According to the 2008 report conducted by the French Federation of Insurance Companies (FFSA), banks continue to dominate the life insurance market with 60% of the turnover, a 2% decrease in comparison with 2007. A 10% share of non-life insurance, on the rise by 1% in comparison with 2007, is underwritten by banks. Five bank insurers remain among the first ten French insurance groups.

The soundness of the French model may be accounted for by:

  • a favorable fiscal environment for life insurance products
  • a model of turning companies into subsidiaries which limited the negative impact of the crisis and which discarded credit securitization mechanisms
  • an adequacy between supply and demand


Some signs of breathlessness in Morocco

Bank insurance appeared in Morocco in 1973 but has developed particularly well in recent years. However, this channel of distribution has undergone a little stagnation as of 2008.
A slowdown in underwritings was reported in 2008, while the number of banking agencies has risen, moving from 3 285 units in 2007 to 3 856 units in 2008.
The turnover of some insurance products like assistance went down in 2008. This stagnation is accounted for by:

  • the estate crisis which had a direct impact on the householder's comprehensive insurance,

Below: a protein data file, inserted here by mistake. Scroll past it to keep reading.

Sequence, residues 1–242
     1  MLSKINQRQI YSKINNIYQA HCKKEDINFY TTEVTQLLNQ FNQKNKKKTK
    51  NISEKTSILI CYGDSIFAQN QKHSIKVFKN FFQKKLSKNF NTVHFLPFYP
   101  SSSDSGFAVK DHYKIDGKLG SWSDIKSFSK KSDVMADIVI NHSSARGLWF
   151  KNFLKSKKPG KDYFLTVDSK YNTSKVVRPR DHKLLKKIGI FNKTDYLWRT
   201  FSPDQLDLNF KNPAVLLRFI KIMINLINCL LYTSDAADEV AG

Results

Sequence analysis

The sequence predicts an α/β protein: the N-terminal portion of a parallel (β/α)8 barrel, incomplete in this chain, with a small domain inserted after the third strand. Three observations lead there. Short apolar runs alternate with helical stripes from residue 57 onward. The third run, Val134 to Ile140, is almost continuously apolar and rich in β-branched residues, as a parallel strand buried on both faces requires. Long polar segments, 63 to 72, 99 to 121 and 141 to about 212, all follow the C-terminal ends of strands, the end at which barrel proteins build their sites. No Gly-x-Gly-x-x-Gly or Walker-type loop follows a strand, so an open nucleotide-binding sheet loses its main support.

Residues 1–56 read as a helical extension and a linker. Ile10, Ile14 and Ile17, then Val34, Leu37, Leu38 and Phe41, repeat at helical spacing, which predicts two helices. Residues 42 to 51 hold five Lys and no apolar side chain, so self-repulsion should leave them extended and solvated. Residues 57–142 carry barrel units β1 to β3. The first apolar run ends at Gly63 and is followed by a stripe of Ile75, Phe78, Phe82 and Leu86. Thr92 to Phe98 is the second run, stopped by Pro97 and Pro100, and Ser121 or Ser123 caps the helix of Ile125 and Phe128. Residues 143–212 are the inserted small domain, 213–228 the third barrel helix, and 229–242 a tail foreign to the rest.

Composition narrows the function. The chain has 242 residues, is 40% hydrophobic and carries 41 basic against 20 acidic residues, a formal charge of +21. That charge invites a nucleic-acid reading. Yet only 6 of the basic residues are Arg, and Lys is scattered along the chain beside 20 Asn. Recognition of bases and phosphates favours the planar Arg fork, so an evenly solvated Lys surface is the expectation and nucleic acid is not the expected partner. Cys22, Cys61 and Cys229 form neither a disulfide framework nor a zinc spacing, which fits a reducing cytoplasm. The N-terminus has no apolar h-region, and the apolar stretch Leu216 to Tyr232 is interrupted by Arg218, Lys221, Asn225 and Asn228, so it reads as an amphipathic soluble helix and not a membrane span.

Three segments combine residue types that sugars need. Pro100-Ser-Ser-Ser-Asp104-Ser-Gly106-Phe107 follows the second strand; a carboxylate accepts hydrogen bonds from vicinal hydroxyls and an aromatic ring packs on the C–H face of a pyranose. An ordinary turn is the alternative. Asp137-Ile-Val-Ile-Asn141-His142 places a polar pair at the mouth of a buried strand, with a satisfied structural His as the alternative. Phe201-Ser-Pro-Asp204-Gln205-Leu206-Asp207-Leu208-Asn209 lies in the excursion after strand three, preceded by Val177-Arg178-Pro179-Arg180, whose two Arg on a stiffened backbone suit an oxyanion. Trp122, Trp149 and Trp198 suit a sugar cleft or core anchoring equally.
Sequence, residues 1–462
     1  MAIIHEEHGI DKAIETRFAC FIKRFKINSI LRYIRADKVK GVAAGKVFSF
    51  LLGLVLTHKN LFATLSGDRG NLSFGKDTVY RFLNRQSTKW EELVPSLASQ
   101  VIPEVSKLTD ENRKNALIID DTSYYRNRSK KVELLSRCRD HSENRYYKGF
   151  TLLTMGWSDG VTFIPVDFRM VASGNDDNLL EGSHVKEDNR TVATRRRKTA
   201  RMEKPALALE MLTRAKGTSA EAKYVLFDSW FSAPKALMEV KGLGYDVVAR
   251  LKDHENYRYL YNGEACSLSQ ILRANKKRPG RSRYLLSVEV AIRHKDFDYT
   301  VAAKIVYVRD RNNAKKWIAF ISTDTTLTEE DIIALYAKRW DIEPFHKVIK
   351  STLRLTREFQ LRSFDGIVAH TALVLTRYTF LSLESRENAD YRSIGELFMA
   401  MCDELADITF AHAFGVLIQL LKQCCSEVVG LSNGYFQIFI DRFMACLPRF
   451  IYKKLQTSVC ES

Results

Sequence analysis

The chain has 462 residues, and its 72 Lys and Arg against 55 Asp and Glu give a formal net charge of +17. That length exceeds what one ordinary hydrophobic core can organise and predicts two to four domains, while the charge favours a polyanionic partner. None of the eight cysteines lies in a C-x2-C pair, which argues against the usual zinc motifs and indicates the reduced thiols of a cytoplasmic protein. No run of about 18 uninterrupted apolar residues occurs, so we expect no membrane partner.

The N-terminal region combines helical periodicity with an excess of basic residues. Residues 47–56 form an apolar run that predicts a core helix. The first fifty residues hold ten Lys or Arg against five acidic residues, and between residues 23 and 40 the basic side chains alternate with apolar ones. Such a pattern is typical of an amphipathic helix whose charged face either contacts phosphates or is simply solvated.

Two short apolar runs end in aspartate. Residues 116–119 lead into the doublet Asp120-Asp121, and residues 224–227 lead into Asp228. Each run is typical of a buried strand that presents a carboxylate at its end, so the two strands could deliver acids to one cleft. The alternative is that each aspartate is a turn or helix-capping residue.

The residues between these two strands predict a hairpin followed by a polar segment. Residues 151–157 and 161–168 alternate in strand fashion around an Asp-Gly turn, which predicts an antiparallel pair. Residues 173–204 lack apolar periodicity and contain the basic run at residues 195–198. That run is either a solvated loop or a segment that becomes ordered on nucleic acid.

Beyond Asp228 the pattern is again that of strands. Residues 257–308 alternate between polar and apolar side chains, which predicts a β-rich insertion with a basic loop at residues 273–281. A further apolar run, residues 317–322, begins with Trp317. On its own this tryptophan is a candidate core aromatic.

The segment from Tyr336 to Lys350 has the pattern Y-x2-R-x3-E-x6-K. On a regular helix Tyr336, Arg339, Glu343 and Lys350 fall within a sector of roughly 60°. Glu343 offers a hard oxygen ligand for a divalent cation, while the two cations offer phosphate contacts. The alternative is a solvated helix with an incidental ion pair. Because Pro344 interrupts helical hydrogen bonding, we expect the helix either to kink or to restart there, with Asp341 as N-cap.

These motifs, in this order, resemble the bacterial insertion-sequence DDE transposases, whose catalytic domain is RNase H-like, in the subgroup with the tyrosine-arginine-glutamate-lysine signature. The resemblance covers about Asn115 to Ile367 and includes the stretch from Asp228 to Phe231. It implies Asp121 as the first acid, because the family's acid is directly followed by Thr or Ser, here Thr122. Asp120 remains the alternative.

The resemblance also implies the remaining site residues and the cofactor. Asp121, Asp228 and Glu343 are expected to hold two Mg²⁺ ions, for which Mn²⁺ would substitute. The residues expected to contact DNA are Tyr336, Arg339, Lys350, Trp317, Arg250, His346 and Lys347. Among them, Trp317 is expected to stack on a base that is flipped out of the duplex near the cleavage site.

• the fall of saving contracts placements, as a result to the financial crisis,
  • the oligopolistic structure of the market where three major players: Attijariwafa bank, BMCE Bank and Crédit Populaire monopolize 90.16% of bank insurance turnover.
With regard to the great growth potentials, professionals are relying on the recovery of the bank insurance sector as soon as the crisis exits the market.

Situation of the main European bank insurers

Bank insurerAmount of
the public aid
Measures taken to accompany restructuring
The Netherlands
10 billion EUR
(14 billion USD),
in October 2008
From now up to 2013, ING shall proceed to:
  • the sale of ING Direct USA
  • the cession of real estate operations in the Netherlands
  • split-up of banking and insurance operations into two separate entities
  • the sale of 6% of the Dutch retail bank